Naturopaths and 23 and me

Oct 24th, 2015
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  1. Genetic Testing Q from newbie
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  3. dr.martyingram
  4. Message 1 of 8 , Oct 21 12:42 PM
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  6. I am just dipping my toes into the 23&Me world. Heard that they are going to start including carrier status, wellness, trait and ancestry reports. How is this different than the info that Sterling's app provides? I have also reviewed the Pure Genomics tool, but info seems limited (they say they only report on things that have been proven to be influenced by nutritional supplementation).
  9. Anne Van Couvering
  10. Message 2 of 8 , Oct 21 1:50 PM
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  12. Hi Marty -
  14. Interpreting and using 23&me is one of my specialties - I can't possibly answer this in an email - call me if you'd like to talk
  16. 917-653-7406
  18. Anne Van Couvering, ND, CNS, LMT
  19. Berkeley, CA
  22. dr.martyingram
  23. Message 3 of 8 , Oct 23 6:16 AM
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  25. Thank you, Anne! So I'm gathering from what Chrissy wrote that there is a lot more information available from Sterlings app than the free information from Pure Genomics and what 23&Me is now allowed to offer by the FDA, but that this information would be about as useful to me as the raw data unless I took a course to learn to interpret it? I have never seen a report from Genetic Genie or mthfr so I do not really know what I would be getting into. Thanks!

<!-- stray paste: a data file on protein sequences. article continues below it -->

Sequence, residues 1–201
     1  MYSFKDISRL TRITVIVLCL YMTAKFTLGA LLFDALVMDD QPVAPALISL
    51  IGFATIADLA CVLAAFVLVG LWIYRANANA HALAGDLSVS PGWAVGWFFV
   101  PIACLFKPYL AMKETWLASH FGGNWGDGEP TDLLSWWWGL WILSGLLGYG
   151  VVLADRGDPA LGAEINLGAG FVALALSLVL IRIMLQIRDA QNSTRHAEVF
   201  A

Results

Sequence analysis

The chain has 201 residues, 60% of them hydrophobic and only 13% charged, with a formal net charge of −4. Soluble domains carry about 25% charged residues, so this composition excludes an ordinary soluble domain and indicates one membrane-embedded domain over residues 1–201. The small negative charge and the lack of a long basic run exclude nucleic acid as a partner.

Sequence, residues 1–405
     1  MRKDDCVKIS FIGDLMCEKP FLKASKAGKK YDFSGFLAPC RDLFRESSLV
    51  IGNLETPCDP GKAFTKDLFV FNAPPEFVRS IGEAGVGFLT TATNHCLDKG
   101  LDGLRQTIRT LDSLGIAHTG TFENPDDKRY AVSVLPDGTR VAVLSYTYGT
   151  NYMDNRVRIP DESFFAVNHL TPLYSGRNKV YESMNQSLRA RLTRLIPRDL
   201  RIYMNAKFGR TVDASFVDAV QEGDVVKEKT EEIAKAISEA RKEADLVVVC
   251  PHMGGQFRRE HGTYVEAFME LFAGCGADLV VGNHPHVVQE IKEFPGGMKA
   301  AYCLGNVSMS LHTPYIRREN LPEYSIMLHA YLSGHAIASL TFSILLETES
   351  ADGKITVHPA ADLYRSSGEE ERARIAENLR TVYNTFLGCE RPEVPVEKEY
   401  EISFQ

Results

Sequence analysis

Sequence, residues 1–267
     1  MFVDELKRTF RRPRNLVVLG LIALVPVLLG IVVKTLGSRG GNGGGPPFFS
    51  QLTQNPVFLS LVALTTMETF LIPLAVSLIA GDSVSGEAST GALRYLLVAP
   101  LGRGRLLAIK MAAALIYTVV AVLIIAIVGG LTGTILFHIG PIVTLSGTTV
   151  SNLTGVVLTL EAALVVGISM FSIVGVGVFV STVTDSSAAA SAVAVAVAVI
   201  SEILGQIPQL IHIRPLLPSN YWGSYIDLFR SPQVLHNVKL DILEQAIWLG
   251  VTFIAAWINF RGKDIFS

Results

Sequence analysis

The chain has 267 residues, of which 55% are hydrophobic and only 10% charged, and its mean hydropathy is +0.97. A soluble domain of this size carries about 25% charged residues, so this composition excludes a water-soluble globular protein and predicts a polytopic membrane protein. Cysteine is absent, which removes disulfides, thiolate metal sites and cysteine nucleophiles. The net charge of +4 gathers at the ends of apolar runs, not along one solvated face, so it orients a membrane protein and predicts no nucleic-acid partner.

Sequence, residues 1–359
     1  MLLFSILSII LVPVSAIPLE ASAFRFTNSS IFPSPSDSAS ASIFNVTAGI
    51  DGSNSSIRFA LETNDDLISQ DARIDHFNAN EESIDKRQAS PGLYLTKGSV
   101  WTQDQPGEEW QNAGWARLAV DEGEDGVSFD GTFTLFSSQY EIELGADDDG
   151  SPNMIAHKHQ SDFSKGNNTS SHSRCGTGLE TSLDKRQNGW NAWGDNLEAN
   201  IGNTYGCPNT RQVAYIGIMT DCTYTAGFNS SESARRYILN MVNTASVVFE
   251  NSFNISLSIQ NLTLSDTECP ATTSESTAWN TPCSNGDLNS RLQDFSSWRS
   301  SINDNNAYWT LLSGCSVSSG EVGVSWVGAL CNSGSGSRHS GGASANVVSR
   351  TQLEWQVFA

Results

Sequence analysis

27. Marty Ingram, ND
  28. Brevard, NC
  31. Anne Van Couvering
  32. Message 4 of 8 , Oct 23 6:36 AM
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  34. In a nutshell - yes.
  36. 23&me offers raw data - everything else is just silly - basically, it's the cheapest, most comprehensive way to check your SNPs, but there are drawbacks.
  38. Genetic Genie pulls out information for about 20 SNPs. MTHFRsupport gives you a 42 page report, and has just started offering videos on different segments.
  40. I've been studying this for 4 years now, and am just beginning to feel that I "get" it - with several weekend long seminars, multiple webinars, etc etc. Unless you like to geek out in biochemistry, refer the interpretation out. That said, I find it fascinating and am happy to discuss it with you.
  42. Unfortunately, this is one of those fields where a little information is dangerous - all I can say is don't blindly throw methylB12 and methyl folate at people without knowing more of the story than just the MTHFR SNP. I have spent a lot of months recovering people from that prescription. (I'm sure many people also do well on it, but they don't come hunting a specialist).
  44. Anne Van Couvering, ND, CNS, LMT
  45. Berkeley, CA
  49. yogi_doctor
  50. Message 5 of 8 , Oct 23 7:15 AM